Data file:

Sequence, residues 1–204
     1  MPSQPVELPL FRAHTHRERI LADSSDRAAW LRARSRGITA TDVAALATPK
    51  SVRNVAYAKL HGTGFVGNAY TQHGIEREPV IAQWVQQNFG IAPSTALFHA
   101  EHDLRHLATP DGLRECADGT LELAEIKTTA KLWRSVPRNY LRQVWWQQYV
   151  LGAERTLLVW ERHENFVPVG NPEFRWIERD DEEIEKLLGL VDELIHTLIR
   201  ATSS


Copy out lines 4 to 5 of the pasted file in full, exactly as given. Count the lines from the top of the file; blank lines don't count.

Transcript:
   101  EHDLRHLATP DGLRECADGT LELAEIKTTA KLWRSVPRNY LRQVWWQQYV
   151  LGAERTLLVW ERHENFVPVG NPEFRWIERD DEEIEKLLGL VDELIHTLIR